AP FACT CHECK: Trump, GOP distort on health care, vote fraud

WASHINGTON (AP) — President Donald Trump made a dizzying array of misleading claims about voting fraud and health care as fellow Republicans opened their convention with speeches distorting the agenda of his Democratic rival, Joe Biden.

Trump falsely asserted that he was the one who ensured that people with preexisting medical problems will be covered by health insurance; actually that was Democratic President Barack Obama. Several speakers accused Biden of proposing to defund police, ban fracking, take over health care and open borders — none of that true.

A look at statements Monday at the Republican National Convention:

HEALTH CARE

TRUMP: “We protected your preexisting conditions. Very strongly protected preexisting … and you don’t hear that.”

THE FACTS: You don’t hear it because it’s not true.

People with preexisting medical problems have health insurance protections because of Obama’s health care law, which Trump is trying to dismantle.

President Donald Trump speaks during the first day of the Republican National Convention Monday, Aug. 24, 2020, in Charlotte, N.C. (AP Photo/Chris Carlson) (Travis Dove/The New York Times via AP, Pool)

One of Trump’s alternatives to Obama’s law — short-term health insurance, already in place — doesn’t have to cover preexisting conditions. Another alternative is association health plans, which are oriented to small businesses and sole proprietors and do cover preexisting conditions.

Neither of the two alternatives appears to have made much difference in the market.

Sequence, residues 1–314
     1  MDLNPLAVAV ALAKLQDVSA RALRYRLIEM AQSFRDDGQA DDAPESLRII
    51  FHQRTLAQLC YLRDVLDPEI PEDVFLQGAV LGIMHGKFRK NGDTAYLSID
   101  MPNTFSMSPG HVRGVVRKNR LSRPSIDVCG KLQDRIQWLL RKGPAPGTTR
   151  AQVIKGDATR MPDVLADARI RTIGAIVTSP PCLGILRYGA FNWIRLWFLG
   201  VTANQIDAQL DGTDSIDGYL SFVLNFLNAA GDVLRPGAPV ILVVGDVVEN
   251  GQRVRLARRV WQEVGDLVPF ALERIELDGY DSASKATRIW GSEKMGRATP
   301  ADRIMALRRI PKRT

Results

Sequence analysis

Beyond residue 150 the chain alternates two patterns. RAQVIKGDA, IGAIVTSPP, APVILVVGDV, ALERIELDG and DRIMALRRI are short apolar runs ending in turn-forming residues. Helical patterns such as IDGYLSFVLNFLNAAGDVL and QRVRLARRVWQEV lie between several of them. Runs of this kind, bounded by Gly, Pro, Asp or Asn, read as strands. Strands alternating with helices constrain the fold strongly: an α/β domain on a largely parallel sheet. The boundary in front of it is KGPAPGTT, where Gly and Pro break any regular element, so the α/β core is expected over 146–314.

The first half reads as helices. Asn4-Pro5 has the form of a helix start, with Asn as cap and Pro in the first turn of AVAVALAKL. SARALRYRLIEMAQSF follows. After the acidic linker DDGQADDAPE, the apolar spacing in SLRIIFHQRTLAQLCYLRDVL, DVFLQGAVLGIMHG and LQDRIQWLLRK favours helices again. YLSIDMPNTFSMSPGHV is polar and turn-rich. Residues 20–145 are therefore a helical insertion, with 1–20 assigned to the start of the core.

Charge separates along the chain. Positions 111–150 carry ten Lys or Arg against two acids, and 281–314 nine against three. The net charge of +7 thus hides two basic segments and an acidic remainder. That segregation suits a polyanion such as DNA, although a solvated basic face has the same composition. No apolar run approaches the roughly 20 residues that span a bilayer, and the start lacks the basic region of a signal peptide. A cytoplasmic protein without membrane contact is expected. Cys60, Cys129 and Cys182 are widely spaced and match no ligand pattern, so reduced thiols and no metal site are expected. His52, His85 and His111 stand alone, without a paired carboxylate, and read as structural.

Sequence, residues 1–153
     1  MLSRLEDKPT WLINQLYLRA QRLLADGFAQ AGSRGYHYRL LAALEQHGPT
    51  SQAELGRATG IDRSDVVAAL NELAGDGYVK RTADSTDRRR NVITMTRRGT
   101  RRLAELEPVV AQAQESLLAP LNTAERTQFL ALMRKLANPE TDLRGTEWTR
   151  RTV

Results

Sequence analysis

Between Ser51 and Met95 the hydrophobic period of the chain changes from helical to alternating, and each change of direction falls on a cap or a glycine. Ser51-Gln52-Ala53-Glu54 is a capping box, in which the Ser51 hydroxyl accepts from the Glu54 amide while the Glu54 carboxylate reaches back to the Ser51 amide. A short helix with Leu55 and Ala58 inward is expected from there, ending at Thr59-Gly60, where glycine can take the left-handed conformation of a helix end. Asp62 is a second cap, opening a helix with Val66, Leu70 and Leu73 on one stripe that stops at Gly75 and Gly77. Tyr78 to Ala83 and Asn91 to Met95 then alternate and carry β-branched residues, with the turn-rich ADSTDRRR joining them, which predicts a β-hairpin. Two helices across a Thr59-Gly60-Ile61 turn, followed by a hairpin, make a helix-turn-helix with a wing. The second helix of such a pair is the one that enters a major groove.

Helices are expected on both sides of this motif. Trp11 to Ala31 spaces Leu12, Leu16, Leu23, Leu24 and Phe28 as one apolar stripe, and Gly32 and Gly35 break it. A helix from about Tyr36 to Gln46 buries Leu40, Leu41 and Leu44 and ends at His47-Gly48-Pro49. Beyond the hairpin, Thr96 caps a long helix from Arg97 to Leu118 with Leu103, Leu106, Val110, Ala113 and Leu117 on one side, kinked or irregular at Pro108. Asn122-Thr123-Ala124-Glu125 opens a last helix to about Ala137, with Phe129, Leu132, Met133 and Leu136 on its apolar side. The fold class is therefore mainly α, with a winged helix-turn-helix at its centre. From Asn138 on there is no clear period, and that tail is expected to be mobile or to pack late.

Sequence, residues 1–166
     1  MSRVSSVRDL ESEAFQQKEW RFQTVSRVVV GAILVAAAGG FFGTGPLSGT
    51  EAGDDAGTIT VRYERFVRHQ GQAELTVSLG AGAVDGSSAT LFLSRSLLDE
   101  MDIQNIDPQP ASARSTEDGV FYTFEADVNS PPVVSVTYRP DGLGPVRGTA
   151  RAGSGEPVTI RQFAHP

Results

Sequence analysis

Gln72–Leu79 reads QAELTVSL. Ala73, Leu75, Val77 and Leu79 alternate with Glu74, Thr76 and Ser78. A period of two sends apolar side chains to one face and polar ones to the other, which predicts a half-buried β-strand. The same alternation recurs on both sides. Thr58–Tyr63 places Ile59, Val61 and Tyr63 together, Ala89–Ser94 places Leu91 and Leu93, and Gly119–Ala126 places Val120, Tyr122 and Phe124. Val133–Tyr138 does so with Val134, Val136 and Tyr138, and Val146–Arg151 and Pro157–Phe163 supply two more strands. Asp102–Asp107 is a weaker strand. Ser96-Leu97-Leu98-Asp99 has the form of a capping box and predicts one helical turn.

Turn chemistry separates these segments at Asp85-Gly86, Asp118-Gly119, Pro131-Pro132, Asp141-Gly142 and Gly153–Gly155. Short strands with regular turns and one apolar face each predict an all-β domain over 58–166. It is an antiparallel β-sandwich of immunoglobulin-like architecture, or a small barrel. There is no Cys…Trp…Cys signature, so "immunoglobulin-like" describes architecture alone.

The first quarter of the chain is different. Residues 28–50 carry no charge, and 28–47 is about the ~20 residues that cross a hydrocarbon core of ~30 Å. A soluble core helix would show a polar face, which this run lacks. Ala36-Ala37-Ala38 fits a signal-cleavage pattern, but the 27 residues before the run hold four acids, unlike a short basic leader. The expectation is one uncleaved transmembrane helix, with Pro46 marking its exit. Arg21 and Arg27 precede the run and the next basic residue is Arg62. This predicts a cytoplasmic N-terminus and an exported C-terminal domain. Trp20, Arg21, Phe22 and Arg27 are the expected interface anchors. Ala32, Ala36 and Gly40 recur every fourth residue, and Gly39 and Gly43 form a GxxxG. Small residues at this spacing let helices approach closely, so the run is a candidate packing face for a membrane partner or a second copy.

Meanwhile, Trump’s administration is pressing the Supreme Court for full repeal of the Obama-era law, including provisions that protect people with preexisting conditions from health insurance discrimination.

With “Obamacare” still in place, preexisting conditions continue to be covered by regular individual health insurance plans.

Insurers must take all applicants, regardless of medical history, and charge the same standard premiums to healthy people and those who are in poor health, or have a history of medical problems.

Before the Affordable Care Act, any insurer could deny coverage — or charge more — to anyone with a preexisting condition who was seeking to buy an individual policy.

Democratic attacks on Republican efforts to repeal the health law and weaken preexisting condition protections proved successful in the 2018 midterms, when Democrats won back control of the House.

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VOTING FRAUD

TRUMP, on mail-in voting: “Absentee — like in Florida — absentee is good. But other than that, they’re very, very bad.”

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News Talk Florida Staff